Japan's Nikkei stock average fell 2.5 percent on Monday as exporters such as Sony Corp <6758.T> were hit by a stronger yen, while Panasonic Corp <6752.T> tumbled in the wake of a gloomy earnings forecast. Panasonic lost 7 percent after it forecast a bigger-than-expected annual loss following a record quarter of red ink battered by weak demand, price falls and restructuring costs.
But Chugai Pharmaceutical Co <4519.T> gained on expectations for strong sales of the Tamiflu flu drug after the number of cases of H1N1 flu virus climbed among Japanese who had not been abroad.
Given that world stocks have risen pretty sharply recently, a bit of a correction is inevitable, said Nagayuki Yamagishi, a strategist with Mitsubishi UFJ Securities.
A batch of U.S. economic reports on Friday reinforced hopes that the recession may be easing, but falling oil prices dragged down energy shares and the rest of Wall Street with them. <.N>
Oil fell nearly 4 percent on Friday as dealers became increasingly pessimistic about the outlook for global energy demand, though it was edging higher in Monday trade.
Market analysts said while the raft of recent encouraging indicators had heartened stock markets, more was needed to point them toward sustained gains.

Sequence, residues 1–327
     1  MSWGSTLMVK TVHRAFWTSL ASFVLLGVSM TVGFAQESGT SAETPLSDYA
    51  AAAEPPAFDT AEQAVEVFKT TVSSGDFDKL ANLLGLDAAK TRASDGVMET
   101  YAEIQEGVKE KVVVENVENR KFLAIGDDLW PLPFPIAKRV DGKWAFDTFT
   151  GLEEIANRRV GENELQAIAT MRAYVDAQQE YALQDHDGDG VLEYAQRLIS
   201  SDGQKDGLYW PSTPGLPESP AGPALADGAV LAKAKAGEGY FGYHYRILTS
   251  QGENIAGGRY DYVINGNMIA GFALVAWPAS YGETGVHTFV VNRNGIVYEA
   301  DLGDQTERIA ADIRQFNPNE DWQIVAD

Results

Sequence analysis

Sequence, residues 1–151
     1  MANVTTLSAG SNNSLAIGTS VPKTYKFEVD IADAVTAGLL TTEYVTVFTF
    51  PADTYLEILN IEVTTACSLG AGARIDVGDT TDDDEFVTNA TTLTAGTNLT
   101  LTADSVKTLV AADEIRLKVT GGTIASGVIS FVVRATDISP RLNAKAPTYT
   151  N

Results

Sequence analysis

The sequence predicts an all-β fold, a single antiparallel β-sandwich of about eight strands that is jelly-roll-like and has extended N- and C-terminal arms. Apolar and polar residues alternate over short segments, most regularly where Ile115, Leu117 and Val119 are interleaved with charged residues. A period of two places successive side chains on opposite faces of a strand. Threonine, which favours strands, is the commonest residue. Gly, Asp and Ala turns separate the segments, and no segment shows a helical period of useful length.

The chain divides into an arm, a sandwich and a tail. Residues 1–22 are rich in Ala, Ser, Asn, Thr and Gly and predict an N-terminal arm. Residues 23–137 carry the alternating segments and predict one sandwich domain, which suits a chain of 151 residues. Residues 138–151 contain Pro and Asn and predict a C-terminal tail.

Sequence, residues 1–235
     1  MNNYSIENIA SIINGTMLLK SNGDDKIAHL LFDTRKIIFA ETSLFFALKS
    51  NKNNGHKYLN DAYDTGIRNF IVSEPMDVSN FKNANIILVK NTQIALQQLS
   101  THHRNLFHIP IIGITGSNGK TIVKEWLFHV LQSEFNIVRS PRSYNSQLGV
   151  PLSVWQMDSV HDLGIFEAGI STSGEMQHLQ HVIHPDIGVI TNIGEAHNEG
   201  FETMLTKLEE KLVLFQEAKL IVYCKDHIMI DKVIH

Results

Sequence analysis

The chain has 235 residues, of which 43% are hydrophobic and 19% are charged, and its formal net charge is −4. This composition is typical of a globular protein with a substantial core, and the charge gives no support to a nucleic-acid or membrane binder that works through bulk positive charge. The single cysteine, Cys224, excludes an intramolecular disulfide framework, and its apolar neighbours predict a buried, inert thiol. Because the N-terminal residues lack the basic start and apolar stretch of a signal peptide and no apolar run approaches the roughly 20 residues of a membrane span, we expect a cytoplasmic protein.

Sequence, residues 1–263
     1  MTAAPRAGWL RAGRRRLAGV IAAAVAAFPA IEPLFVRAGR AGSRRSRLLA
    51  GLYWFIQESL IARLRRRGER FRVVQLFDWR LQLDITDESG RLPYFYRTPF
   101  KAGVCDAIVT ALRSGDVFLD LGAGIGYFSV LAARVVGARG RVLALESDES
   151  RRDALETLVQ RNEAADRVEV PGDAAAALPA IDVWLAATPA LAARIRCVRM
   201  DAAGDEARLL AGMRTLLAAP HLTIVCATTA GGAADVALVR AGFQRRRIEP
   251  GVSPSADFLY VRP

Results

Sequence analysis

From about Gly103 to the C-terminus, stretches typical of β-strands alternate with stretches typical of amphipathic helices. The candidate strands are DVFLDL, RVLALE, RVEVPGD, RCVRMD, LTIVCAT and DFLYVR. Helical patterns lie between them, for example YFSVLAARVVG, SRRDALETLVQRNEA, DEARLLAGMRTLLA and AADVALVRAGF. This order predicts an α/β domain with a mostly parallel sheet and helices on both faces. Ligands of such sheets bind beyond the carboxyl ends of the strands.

Recent economic indicators show that the worsening of the economy appears to have stopped, but now we need to see signs of recovery or it'll be difficult for stocks to rise decisively, said Yoku Ihara, manager at the investment information department of Retela Crea Securities.
The benchmark Nikkei <.N225> lost 232.17 points to 9,032.85, while the broader Topix <.TOPX> fell 2.3 percent to 861.56.
Tech shares dragged the market lower, with Kyocera Corp <6971.T> falling 2.9 percent to 7,280 yen and industrial robot maker Fanuc <6954.T> losing 4 percent to 7,420 yen. TDK Corp <6762.T> lost 4.1 percent to 4,180 yen.
The dollar fell 0.4 percent against the yen to 94.83 yen, with the yen's perceived safety status again in focus after Wall Street put in a weak close late last week.
As a result, exporters were sold broadly. Investors fret about a stronger yen because it eats into earnings made abroad when repatriated.
Sony Corp <6758.T> lost 6 percent to 2,415 yen and Toyota Motor Corp <7203.T> fell 2.8 percent to 3,490 yen. Honda Motor Co <7267.T> fell 3.6 percent to 2,665 yen.
But Chugai, which distributes Tamiflu through its partnership with developer Roche, bucked the trend to rise 5.6 percent to 1,866 yen.
Fujibo Holdings <3104.T>, which makes medical masks, was untraded due to a glut of buy orders.
(Reporting by Elaine Lies; Editing by Edwina Gibbs)